[1.5] While academics should have the freedom to engage critically with cultural texts, including online fan texts, I would also point out that, unlike authors of traditionally published works (that is, works published through academic or commercial presses), fan writers are often not protected from censure. Online fan spaces were created as safe zones for fans to engage in reading and writing that was otherwise unsanctioned, and as such, they have developed certain rules of engagement in order to both support and protect their participants. Busse and Hellekson (2012) have argued that "many fans find unacceptable the notion that their works may be freely perused by outsiders. Fan publications…are perceived as existing in a closed, private space even though they may be publicly available" (39). This perception has a long history in fan communities that have been extremely stigmatized (Jenkins 1992; Bacon-Smith 1992). Historically, fans have seen themselves as resistant to dominant forms of consumption, and this status is fiercely protected and defended in fan circles. I argue that the defense and support of fan works within fan communities is representative of a larger fan ethics of goodwill (what Hellekson [2009] has referred to as a gift economy).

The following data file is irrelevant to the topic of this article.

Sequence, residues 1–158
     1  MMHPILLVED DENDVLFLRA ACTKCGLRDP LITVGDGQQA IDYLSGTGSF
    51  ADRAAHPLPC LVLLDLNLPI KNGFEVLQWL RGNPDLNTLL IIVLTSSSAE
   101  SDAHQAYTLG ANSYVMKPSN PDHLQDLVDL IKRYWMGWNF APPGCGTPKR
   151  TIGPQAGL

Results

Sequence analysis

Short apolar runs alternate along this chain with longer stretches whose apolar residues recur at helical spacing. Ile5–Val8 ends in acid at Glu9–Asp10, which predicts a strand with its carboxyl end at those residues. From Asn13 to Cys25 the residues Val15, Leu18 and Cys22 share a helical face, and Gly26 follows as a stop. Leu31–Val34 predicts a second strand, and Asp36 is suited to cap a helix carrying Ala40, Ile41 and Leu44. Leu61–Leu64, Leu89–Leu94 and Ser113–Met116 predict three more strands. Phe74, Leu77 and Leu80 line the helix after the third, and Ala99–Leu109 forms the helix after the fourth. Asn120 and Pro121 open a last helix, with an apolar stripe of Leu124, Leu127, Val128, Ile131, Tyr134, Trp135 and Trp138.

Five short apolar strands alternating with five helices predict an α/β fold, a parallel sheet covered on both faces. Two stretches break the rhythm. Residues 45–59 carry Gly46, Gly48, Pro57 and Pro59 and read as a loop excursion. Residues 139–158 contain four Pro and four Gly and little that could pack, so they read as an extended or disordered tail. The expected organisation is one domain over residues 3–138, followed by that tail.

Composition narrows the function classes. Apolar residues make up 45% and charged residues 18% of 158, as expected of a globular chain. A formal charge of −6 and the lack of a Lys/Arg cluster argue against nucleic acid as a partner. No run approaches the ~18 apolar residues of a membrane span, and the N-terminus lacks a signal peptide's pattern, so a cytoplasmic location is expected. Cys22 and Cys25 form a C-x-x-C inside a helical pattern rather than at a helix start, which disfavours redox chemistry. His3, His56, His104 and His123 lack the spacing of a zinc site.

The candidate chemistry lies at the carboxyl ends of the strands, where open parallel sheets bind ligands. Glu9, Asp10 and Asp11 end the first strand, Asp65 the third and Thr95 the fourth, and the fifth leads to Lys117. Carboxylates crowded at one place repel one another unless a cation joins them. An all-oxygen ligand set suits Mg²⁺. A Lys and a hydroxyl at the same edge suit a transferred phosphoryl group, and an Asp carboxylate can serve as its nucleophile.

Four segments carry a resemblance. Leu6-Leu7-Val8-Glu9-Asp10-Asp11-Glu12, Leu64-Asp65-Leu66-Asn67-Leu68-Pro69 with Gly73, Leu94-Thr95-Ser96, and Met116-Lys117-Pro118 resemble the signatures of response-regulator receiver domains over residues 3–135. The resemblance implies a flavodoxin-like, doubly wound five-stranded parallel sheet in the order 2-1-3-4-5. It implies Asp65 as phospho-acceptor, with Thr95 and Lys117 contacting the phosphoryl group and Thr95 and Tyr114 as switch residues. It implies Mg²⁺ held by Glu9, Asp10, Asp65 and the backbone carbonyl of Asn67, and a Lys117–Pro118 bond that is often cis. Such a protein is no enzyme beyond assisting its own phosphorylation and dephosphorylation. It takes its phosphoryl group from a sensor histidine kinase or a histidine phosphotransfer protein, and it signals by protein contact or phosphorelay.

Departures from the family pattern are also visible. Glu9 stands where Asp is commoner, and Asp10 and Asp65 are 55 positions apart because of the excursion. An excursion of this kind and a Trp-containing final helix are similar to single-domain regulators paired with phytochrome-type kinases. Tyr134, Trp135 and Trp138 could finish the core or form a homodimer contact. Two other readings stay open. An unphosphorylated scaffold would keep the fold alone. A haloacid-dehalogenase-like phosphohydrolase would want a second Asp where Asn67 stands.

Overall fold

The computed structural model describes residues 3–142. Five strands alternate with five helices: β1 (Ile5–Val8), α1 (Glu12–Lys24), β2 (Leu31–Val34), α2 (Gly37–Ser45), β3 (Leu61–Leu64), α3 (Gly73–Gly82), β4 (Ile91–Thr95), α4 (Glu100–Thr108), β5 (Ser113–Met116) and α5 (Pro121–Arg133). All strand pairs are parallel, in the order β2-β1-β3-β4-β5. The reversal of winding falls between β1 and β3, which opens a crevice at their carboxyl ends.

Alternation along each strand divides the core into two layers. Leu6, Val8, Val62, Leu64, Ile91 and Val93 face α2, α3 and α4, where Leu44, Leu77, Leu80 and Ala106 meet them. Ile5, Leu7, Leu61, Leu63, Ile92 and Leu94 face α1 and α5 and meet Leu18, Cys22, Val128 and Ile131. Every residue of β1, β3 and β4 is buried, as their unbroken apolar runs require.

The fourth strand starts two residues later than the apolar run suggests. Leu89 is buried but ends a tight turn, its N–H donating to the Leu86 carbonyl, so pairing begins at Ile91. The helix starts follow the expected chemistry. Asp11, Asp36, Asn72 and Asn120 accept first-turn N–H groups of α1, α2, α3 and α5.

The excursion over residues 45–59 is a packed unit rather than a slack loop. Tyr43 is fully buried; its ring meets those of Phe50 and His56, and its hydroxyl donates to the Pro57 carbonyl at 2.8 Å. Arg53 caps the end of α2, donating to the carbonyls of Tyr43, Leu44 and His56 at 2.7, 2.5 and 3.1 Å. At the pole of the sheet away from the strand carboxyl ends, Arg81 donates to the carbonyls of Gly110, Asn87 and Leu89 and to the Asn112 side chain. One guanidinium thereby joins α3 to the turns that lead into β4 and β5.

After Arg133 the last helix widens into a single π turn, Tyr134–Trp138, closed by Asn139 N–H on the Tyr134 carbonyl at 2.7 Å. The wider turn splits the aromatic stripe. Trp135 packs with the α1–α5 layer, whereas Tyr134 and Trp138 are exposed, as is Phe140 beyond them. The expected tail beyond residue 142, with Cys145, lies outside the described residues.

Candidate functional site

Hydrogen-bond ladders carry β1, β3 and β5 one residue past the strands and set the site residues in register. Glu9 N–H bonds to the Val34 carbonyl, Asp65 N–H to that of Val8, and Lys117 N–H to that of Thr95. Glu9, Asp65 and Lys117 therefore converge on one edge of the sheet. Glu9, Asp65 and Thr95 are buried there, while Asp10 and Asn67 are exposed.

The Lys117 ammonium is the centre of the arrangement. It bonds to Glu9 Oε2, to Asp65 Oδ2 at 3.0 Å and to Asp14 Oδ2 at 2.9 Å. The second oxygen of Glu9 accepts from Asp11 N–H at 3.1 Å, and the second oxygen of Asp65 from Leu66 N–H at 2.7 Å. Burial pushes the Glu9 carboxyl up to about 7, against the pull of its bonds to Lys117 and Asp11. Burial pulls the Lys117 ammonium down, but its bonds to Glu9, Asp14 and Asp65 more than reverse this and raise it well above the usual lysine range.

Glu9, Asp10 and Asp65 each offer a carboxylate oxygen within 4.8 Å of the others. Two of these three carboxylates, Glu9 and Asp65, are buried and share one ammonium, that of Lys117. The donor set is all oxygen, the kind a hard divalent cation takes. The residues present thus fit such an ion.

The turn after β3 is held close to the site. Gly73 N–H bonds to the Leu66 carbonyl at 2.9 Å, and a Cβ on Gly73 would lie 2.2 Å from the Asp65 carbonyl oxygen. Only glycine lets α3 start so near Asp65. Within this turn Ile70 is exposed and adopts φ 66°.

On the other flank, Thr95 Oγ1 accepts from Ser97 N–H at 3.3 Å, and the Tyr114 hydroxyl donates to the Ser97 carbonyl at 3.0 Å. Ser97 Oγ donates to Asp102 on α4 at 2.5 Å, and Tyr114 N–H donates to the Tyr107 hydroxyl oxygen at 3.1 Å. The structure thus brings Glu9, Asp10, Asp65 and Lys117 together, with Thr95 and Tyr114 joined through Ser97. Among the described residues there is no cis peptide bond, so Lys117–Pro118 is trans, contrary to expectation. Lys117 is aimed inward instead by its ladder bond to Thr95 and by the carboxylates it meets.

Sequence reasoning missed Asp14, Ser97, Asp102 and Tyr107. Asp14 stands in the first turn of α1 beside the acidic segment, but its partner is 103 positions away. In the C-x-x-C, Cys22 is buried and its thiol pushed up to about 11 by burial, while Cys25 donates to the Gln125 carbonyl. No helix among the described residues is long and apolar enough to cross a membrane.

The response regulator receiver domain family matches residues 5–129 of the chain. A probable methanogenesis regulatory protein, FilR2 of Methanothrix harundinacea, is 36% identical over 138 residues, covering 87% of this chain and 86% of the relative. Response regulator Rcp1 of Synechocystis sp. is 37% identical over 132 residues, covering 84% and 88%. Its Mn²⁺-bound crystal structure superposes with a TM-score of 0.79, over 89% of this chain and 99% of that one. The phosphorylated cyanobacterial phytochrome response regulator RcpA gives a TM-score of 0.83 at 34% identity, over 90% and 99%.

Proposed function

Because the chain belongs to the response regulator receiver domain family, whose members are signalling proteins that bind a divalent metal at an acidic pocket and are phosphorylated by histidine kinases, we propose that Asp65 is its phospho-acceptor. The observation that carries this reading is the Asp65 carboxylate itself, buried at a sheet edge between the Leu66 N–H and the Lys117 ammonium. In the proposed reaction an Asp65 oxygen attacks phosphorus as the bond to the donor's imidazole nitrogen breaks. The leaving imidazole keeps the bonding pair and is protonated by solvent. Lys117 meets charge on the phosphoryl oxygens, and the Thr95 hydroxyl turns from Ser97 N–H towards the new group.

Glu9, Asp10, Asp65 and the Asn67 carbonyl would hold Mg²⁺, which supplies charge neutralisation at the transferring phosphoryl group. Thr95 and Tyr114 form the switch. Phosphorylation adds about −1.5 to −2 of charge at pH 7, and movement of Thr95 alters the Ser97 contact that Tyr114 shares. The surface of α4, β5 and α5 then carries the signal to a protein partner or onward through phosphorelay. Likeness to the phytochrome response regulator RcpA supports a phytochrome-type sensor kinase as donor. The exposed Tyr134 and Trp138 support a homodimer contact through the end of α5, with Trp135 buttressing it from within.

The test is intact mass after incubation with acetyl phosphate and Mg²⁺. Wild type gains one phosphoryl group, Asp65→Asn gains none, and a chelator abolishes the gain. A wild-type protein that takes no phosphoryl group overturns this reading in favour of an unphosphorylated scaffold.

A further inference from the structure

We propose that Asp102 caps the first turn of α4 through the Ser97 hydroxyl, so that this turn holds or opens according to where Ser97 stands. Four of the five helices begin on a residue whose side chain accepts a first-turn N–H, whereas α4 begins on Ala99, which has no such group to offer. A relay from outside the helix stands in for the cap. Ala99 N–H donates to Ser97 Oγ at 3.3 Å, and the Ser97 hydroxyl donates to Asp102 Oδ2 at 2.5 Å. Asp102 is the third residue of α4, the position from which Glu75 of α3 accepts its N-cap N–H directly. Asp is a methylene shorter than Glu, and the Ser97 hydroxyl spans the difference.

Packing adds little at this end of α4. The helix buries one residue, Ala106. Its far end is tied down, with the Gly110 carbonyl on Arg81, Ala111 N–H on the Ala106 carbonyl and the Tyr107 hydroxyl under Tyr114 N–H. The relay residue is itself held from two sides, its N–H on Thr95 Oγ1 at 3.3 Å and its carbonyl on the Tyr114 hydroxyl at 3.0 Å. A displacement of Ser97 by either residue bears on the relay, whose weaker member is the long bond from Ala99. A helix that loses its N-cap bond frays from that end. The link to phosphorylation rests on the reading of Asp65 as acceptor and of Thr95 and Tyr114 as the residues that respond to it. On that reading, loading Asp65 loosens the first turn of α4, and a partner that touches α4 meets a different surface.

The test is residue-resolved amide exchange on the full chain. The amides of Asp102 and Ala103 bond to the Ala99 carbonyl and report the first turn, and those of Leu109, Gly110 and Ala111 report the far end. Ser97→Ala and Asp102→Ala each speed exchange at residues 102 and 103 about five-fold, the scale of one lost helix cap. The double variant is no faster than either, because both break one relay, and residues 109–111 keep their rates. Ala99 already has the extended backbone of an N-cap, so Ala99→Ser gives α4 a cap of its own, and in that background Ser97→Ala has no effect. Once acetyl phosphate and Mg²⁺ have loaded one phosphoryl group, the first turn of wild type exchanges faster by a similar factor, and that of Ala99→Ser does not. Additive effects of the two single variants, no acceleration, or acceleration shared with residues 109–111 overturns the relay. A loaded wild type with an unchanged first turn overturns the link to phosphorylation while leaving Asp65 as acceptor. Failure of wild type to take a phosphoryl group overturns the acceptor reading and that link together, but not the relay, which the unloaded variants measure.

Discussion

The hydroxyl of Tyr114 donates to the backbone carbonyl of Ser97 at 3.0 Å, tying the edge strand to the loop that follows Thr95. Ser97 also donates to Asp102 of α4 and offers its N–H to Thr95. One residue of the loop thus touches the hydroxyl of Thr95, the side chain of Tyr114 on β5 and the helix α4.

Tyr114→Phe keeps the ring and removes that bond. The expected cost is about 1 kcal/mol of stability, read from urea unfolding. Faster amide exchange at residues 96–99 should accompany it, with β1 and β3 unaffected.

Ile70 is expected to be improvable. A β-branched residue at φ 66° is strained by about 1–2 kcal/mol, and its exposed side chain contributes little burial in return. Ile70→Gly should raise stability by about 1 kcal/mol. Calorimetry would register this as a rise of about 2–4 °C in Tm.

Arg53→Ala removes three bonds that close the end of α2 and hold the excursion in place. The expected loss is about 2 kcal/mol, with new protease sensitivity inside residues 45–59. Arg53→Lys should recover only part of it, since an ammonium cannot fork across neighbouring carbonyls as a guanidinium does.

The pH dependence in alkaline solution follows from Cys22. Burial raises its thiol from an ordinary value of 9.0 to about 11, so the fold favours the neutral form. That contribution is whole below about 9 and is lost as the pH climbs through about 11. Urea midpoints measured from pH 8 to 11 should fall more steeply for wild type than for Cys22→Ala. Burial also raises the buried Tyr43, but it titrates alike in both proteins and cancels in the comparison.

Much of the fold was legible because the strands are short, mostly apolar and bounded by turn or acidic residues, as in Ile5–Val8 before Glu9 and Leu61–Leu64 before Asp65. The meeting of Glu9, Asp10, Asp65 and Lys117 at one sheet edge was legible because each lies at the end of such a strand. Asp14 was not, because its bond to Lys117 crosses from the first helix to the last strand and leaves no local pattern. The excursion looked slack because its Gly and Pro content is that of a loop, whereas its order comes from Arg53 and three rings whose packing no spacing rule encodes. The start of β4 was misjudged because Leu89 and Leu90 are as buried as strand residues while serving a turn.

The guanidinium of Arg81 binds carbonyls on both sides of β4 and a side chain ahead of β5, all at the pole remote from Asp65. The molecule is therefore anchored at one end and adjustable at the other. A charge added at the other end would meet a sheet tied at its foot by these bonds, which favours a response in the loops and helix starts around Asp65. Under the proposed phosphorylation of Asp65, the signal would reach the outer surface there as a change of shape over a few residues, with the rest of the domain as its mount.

[1.6] The Theory of Fanfiction course raises important questions about the university and its relationship to other communities. It is important to note that this class was designed and taught by undergraduate students who doubtless had little (if any) training in the ethics of moving into and engaging with new communities. However, I would argue that UC Berkeley nonetheless had a responsibility to its students and to the communities those students might study to consider the ethical quandaries such a course might pose. One reason that this did not happen may be that some scholars (even seasoned ones) still view texts on the Internet as analogous to texts published in print; another may be that many in the academy are still unfamiliar with the ethical particularities of working with online communities. Furthermore, although this example concerns teaching, it raises questions relevant to all forms of academic work and scholarship. The debate instigated by the course and waldorph's response, which has come to be referred to in fan communities as "Fangate" or "Theory of Ficgate," was on the minds and lips of all fan studies scholars at the 2014 Popular Culture Association/American Culture Association conference in New Orleans, where most sessions ended up discussing the ethical responsibilities we hold as academics when we go into fan spaces. I start with this example, then, because it is incumbent upon us as academics, and certainly upon those of us who identify as acafans, to think and then rethink the ethics of our online research methods in fan spaces and beyond.